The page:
Tag Archives: Domestic violence

President Signs Reauthorization of Child Abuse Prevention and Treatment Act

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My colleague, Lori Paul, posted an important article on her family law blog, discussing the fact that President Obama has signed the Reauthorization of Child Abuse Prevention and Treatment Act.

As a survivor of childhood abuse, I believe the safety and welfare of children is of paramount importance.  Sadly, as Ms. Paul’s article mentions, over 770,000 children were victimized by abuse or neglect in 2008.  This is outrageous and, frankly, unfathomable when one considers how much attention has been paid to the problem in the last several years.

Fortunately, President Obama and Congress appear to recognize that the problem warrants continued focus until every child in our country can grow up without fear or harm.

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United Arab Emirates: Man May Beat Wife, Children As Long As No Marks

The highest court in the United Arab Emirates (UAE) has upheld the right of a man to beat his wife and children for the purpose of “disciplining” them, but only so long as the beating leaves no discernible bruises or marks and is not too “severe.”  In addition, a man must first exhaust admonition and abstaining from sleeping with his wife as forms of correction before resorting to a beating.

According to the court, a man who goes beyond these restrictions abuses his “right” under sharia law and is subject to a fine.  In the case at issues, a husband had “slapped and cicked” his 23 year-old daughter and “slapped his wife.”  The court found that the beating too severe because it left bruises on the wife, and concluded that the daughter was too old for such treatment.

Boy, women and children in the UAE can breathe a sigh of relief after this lamp of liberty was lit, can’t they?  What is, perhaps, most frightening about this decision is that the UAE is often considered by western officials to be one of the more “democratic” of the Mideast countries.  However, the State Department webpage on the UAE lists the following as continued problems for democracy in the UAE:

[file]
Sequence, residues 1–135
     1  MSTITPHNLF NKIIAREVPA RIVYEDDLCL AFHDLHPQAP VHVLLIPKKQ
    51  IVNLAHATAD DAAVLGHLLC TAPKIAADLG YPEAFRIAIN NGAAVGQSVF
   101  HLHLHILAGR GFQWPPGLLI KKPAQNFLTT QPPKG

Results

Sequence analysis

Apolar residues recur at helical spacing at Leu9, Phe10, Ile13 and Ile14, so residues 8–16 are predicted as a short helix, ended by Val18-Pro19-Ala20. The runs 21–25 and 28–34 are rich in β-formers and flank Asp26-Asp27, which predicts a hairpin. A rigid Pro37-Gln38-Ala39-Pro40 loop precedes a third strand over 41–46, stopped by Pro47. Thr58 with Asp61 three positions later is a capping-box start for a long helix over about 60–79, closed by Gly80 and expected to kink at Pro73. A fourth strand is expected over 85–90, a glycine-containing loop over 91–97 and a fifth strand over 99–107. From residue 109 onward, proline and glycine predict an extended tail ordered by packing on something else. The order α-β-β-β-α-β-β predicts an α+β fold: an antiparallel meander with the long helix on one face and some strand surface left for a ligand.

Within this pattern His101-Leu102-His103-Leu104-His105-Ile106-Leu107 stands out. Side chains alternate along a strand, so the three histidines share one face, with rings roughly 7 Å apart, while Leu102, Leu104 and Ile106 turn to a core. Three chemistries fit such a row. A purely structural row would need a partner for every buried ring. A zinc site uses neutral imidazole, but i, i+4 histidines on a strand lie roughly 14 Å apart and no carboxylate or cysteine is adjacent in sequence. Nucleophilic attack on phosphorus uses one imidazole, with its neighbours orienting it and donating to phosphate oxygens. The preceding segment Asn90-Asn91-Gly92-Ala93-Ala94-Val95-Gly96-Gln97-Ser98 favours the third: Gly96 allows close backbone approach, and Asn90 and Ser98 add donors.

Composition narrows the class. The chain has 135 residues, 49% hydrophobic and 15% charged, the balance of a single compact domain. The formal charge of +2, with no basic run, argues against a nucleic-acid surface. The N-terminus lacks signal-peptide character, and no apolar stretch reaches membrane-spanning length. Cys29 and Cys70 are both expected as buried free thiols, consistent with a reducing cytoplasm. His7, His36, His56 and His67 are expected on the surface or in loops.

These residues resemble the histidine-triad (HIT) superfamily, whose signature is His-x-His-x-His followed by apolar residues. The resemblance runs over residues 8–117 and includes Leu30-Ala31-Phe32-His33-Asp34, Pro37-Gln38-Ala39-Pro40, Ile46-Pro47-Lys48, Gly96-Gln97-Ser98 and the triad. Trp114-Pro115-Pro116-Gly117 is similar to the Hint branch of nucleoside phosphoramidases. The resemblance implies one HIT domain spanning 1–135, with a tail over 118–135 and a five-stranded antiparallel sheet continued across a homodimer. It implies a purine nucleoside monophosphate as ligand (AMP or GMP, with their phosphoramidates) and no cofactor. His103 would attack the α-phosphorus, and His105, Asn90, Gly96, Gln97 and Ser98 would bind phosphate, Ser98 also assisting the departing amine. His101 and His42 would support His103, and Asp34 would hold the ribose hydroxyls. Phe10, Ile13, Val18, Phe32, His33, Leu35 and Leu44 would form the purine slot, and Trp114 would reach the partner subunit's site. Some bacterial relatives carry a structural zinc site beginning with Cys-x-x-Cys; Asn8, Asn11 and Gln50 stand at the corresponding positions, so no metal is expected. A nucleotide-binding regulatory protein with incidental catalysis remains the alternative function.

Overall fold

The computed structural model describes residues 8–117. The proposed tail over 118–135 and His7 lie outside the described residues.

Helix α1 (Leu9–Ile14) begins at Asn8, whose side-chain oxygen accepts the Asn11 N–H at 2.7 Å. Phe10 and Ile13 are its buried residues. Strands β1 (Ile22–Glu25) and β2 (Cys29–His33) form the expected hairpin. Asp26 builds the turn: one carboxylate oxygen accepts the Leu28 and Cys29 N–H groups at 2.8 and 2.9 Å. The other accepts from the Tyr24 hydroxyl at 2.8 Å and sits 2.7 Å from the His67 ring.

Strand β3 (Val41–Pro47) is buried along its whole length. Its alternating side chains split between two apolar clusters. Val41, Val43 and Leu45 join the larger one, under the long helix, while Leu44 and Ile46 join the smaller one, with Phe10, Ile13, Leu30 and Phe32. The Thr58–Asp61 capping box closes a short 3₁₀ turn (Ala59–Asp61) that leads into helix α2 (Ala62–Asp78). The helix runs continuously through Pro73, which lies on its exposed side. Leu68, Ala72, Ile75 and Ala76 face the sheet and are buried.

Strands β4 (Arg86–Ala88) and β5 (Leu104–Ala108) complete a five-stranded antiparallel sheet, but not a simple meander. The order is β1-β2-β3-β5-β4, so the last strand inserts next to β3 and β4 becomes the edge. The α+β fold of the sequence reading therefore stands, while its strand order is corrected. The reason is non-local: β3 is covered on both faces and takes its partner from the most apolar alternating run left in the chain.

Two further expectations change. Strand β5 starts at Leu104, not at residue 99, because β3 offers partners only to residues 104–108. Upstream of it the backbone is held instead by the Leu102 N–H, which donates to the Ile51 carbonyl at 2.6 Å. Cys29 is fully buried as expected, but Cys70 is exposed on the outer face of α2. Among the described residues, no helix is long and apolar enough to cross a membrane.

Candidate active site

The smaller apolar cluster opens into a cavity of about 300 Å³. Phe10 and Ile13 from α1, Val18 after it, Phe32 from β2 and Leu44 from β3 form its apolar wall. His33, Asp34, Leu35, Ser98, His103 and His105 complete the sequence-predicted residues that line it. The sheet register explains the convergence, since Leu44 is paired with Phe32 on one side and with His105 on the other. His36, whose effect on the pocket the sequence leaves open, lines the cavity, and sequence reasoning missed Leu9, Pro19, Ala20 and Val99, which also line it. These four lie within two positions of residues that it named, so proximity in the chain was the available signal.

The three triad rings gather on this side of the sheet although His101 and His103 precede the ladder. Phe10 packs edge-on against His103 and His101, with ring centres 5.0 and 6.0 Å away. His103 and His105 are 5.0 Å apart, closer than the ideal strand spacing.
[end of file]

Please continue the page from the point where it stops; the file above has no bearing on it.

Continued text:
• no citizens’ right to change the government and no popularly elected representatives of any kind
• flogging as judicially sanctioned punishment
• arbitrary detention
• incommunicado detention permitted by law
• questionable independence of the judiciary
• restrictions on civil liberties–freedom of speech and of the press, and assembly
• restrictions on right of association, particularly for human rights groups
• restrictions on religious freedom
• domestic abuse of women, sometimes enabled by police
• trafficking in women and children
• legal and societal discrimination against women and noncitizens
• corruption and lack of government transparency
• abuse of foreign domestic servants
• restrictions on and abuses of workers’ rights

You can read more about the decision here.

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Domestic Violence Often Starts With Pet Abuse

As I was writing this morning, I came across an article on Mixx.com that made my blood boil.  The article was reprinted in The Washington Post on January 22, 2010 from an original article in the Atlanta Journal-Constitution.  Its title – “Police Say Georgia Mom Forced Son To Kill Hamster.”  You can link to the article here.

According to the article, thirty-eight year old Lynn Middlebrooks Geter, pictured above, determined that the appropriate punishment for her son’s bad grades was to force him to kill his own pet hamster – with a hammer.  Geter faces one charge of animal cruelty, child cruelty, and battery.

This is a blog about civil rights, and animals certainly have rights under federal and state law in the United States.  However, I decided to post an article of my own about the Geter case because of a different civil rights issue – the right to be free from domestic violence.

In the United States today, many experts (though not all) accept some version of what is known as “The Cycle of Violence” theory.  First introduced in the 1970s by researcher Lenore Walker, the “Cycle of Violence” theory attempts to isolate patterns of abusive behavior in relationships by a cycle of predictable stages.  In Walker’s formulation, those stages are referred to as:  the “Honeymoon” phase, the “Tension-building” phase, and the “Acting Out” phase.

Over the years, “The Cycle of Violence” theory has had additional stages added to it, so that a common graphic illustrating “The Cycle of Violence” theory today looks something like this:

What neither Walker’s formulation nor the one above recognizes, however, is that pet abuse is a common form of domestic violence.  If not coexistent with abuse of a person, pet abuse is often a precursor to more serious forms of abuse.  This is what makes the Geter case so troubling, aside from the obvious animal cruelty.

According to the group Aardvarc.org (which stands for – An Abuse, Rape and Domestic Violence Aid and Resource Collection), of 50 women’s shelters surveyed, 85% reported that women in their shelter talked about pet abuse, 63% of children talked about pet abuse, and 83% said that they had observed the coexistence of domestic violence and pet abuse.  Further research indicated that 70% to 75% of women reporting domestic violence also reported that their partner had threatened and/or actually hurt or killed one or more of their pets.  The link to Aardvarc.org above also contains links to the original research, so it is well worth checking out if you are interested in this issue.